Ten-year-old died from “overwhelming” blood poisoning after specialist nurse ignored national guidelines while changing feeding tube

June 28, 2016 | by | 0 Comments

A ten-year-old girl was killed by a nurse who botched the insertion of a feeding tube and then ignored danger signs in defiance of national guidelines, a court heard.

Phoebe Willis (Bristol Post / SWNS)

Phoebe Willis (Bristol Post / SWNS)

Tragic Phoebe Willis screamed in pain and started bleeding when Carrie Anne Nash pushed the tube in despite feeling something blocking its way, a jury was told.

Nash, 34, a paediatric specialist, then ignored a series of ‘red flag’ indicators and sent the youngster home, it was heard.

But when Phoebe’s mum, Heather Willis, fed her milk before putting her to bed that night it seeped into the cavity between her vital organs which eventually resulted in blood poisoning.

The next morning Heather dialled 999 after finding Phoebe “looking grey” but by the time the ambulance arrived her lips were blue and she had gone into cardiac arrest.

Phoebe died the following evening after further cardiac arrests and brain injury and Nash was charged with her manslaughter three years later.

Bristol Crown Court heard that the youngster needed a feeding tube because she suffered from cystinosis, a rare genetic condition.

Carrie-Anne Nash 33, who is being charged with the manslaughter of 10-year-old Phoebe Willis (SWNS)

Carrie-Anne Nash 33, who is being charged with the manslaughter of 10-year-old Phoebe Willis (SWNS)

Since her diagnosis as a baby the tube was changed every three months – a simple procedure which her parents Julian and Heather had been used to carrying out.

But they decided to take Phoebe to Weston General Hospital, North Somerset, after they found it unusually difficult to push a new tube in, in August 2012, it was heard.

None of the medics on shift were qualified to deal with the situation so Nash, a community nurse employed by Nutricia Ltd., was called in to help.

Prosecuting, Sarah Whitehouse QC, said Nash “repeatedly attempted” to insert the device, known as a mini balloon button.

She said: “When she finally succeeded, she didn’t make sure the tube attached to the button was where it should be – extending from the abdominal wall and into the stomach.

“She ignored what are called ‘red flag’ indicators which would have warned her that the tube was not in Phoebe’s stomach.

“Tragically, the tube wasn’t properly placed and so when Phoebe was fed through the tube, milk did not enter her stomach but rested in the cavity between her organs.”

This caused infection, sepsis and, ultimately, the little girl’s death, the court heard.

Weston General Hospital (SWNS)

Weston General Hospital (SWNS)

Ms Whitehouse added: “This is how Ms Nash came to be charged with manslaughter.

“Not because she intended to kill Phoebe, or wanted Phoebe to die or be harmed in any way.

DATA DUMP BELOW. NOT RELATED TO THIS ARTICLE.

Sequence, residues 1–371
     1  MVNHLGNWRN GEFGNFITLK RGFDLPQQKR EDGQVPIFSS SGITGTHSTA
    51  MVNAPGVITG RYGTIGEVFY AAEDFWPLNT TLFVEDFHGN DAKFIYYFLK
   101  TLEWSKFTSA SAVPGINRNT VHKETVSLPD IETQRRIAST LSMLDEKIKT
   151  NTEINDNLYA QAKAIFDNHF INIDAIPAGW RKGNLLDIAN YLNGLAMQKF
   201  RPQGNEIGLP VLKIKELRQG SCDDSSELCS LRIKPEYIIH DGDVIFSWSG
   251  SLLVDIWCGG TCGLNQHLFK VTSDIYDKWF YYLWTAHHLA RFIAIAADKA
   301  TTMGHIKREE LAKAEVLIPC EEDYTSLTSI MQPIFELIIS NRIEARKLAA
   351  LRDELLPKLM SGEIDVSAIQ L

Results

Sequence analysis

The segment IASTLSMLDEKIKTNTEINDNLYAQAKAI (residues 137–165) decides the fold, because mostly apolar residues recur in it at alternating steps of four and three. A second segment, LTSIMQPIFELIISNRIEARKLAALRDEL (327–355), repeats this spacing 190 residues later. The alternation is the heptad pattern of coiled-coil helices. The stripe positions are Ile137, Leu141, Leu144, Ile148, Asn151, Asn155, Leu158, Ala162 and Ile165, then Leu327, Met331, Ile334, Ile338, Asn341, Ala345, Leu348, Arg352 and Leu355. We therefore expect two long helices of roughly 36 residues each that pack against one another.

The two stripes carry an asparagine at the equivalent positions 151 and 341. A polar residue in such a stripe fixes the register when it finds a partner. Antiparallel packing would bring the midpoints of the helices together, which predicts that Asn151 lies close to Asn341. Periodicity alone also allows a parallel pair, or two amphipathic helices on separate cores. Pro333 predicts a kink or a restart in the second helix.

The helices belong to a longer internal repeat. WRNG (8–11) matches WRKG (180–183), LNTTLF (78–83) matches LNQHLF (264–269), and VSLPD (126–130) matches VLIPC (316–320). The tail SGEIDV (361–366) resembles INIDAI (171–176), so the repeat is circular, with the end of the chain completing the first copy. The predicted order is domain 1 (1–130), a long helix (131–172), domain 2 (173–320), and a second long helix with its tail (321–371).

“But because she acted contrary to national guidance, contrary to her employer’s safety protocols and contrary to her training.

“Critically, she failed to recognise or act on ‘red flag’ indicators that suggested there was a serious problem with the tube placement.

“She provided a level of care to Phoebe that was so very far below the standard to be expected of a nurse with her specialist training that it can properly be described as criminal.”

The jury was told that after inserting an button, there was a two-hour window in which replacement tubes can be fitted before the tract closes up.

Phoebe’s mum removed the existing tube at around 11.05am and Nash arrived at the hospital at 1.05pm – just inside the time frame, the court heard.

After inserting the tube – which Heather said Nash did with some force – Phoebe started bleeding and was in pain – both “red flags” indicating a problem, it was heard.

Phoebe Willis (Bristol Post / SWNS)

Phoebe Willis (Bristol Post / SWNS)

The nurse then took a liquid sample through the tube to check it was acidic, as it would be if it was properly inserted into the stomach, and found the pH was six.

That should also have caused concern, as national guidelines suggest that any pH above five and a half is not acidic enough and indicates that the tube isn’t in properly.

Nash claimed she told a hospital doctor who didn’t seem worried but he said “if he had known about this factor it would have caused him concern”, the court heard.

The nurse, who qualified in 2003, then flushed the tube with water – causing Phoebe to cry out and complain of chest pain – before discharging her from hospital.

In doing so, she ignored important ‘red flags’ including persistent pain and fresh bleeding around the site, which should have seen Phoebe admitted to hospital.

That night, the poorly youngster was fed some milk through her tube and watched a DVD before going to sleep at home in Locking, North Somerset.

She was rushed to hospital the following morning, where medics battled to save her, the court heard.

Sadly, Phoebe died the next day, at 9.55pm on Sunday, August 26 2012, after she stopped breathing for 40 minutes and her intensive care was eventually terminated.

A post-mortem showed she died of brain injury as a result of “overwhelming” sepsis – blood poisoning – caused by milk peritonitis, which was triggered by the tube change.

Nash, of Portishead, North Somerset, denies manslaughter and the trial continues.

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